Sometimes the parts needed to complete recall repairs aren’t available until some time after the recall is announced, and dealers don’t want to let the vehicle sit and depreciate while they wait. So they sell it.
It that’s the case, Petersen advised, tell the buyer about the recall.
Justin Osburn, moderator for NIADA’s Retail 20 Groups, said that scenario is actually an opportunity for dealers to build trust with customers by disclosing the information up front and advising them on how to get the recall fixed.
“Recalls are common,” Osburn said. “I’ve seen situations where 20 percent of a dealer’s used inventory comes under an open recall and parts weren’t available to to get the cars fixed.
“That can create a crisis atmosphere in a dealership. So if the dealer decides to sell the cars, he can minimize exposure by informing the buyer of the recall.”
Osburn said dealers can protect themselves by having procedures in place to check vehicles when they are bought and when they are sold. When a customer is handed the sales file containing all the paperwork, that file should contain any recall notices.
By checking recall status automatically as part of the sales paperwork process, the dealer is able to show the customer he or she is on the ball and is being open and honest.

Have your purchaser run a check when the car is acquired. Have the salespeople do a check when it’s sold.
If you have a service department, have them check the recall status during reconditioning.
Double- and triple-checking won’t take much time, and while any one department might let something slip through the cracks at times, the odds of three departments making that same mistake are very slim in a well-run dealership.
Even if your dealership is small and there aren’t a lot of people dedicated to paperwork, Osburn said, it’s worth making the effort.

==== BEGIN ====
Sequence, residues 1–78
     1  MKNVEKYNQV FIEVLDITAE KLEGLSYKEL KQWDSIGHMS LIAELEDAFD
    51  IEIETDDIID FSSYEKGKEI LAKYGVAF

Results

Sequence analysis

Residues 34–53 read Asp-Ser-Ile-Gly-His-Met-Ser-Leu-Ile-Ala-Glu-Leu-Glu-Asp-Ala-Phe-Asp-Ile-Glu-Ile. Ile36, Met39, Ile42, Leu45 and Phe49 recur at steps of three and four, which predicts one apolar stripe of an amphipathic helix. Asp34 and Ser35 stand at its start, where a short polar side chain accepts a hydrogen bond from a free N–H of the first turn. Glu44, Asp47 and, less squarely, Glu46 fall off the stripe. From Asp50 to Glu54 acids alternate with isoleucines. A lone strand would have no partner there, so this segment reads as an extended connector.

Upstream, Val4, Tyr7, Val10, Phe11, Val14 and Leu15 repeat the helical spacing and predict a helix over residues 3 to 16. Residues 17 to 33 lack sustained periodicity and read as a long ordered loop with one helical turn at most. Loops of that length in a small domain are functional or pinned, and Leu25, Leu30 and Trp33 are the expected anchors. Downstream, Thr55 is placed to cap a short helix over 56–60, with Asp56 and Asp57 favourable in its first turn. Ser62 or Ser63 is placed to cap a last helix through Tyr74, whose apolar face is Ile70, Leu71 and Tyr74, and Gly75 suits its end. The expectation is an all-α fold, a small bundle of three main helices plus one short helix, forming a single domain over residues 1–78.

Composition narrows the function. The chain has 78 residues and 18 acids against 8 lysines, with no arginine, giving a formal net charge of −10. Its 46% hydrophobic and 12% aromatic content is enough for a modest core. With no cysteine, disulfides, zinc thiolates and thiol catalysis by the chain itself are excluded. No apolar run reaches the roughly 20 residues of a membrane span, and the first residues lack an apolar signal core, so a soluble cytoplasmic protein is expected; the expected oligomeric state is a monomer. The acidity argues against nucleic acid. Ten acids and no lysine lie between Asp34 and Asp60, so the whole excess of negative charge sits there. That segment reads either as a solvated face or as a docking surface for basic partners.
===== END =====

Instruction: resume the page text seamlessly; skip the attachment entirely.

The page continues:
When vehicles go through auction lanes, it can take time to check every
VIN on the website. But it doesn’t have to be a lengthy process – there are tools available from a number of vendors to make checking vehicles’ recall status easy.
“We help dealers do a couple things,” said Keith Crerar, vice president of sales and operations for TradeRev, an online dealer-to-dealer vehicle marketplace.
“By scanning a VIN using our app, TradeRev checks public records to determine if a vehicle has been damaged in some sort of incident or is under open recall.”
Buyers should have all the information they need about a car before they purchase it, Crerar said. And car dealers are car buyers.
“This is a competitive business,” Crerar said. “Inventories depreciate and dealers like tight turn cycles. Knowing a car is under open recall before purchasing it at auction or from a wholesaler gives dealers the information they need to make an informed decision on whether or not to buy that vehicle.”
A good car salesperson is a prepared car salesperson, Crerar said.
“Dealers shouldn’t be afraid of the possibility of an open recall on a car they want to buy or sell,” Crerar said. “Just check first before buying. And check your inventory when preparing a sale.”